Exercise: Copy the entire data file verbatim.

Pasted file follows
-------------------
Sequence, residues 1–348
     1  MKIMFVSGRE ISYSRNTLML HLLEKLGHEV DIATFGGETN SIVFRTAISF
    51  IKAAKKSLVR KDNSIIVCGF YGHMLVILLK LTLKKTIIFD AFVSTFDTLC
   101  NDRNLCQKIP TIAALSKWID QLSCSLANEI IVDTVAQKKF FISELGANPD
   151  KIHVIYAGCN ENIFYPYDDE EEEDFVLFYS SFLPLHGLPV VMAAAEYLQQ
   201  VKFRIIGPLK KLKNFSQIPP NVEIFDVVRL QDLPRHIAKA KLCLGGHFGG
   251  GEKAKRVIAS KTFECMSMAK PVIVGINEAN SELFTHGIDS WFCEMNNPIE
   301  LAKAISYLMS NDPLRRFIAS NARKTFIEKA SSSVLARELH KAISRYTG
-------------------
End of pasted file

Sequence, residues 1–348
     1  MKIMFVSGRE ISYSRNTLML HLLEKLGHEV DIATFGGETN SIVFRTAISF
    51  IKAAKKSLVR KDNSIIVCGF YGHMLVILLK LTLKKTIIFD AFVSTFDTLC
   101  NDRNLCQKIP TIAALSKWID QLSCSLANEI IVDTVAQKKF FISELGANPD
   151  KIHVIYAGCN ENIFYPYDDE EEEDFVLFYS SFLPLHGLPV VMAAAEYLQQ
   201  VKFRIIGPLK KLKNFSQIPP NVEIFDVVRL QDLPRHIAKA KLCLGGHFGG
   251  GEKAKRVIAS KTFECMSMAK PVIVGINEAN SELFTHGIDS WFCEMNNPIE
   301  LAKAISYLMS NDPLRRFIAS NARKTFIEKA SSSVLARELH KAISRYTG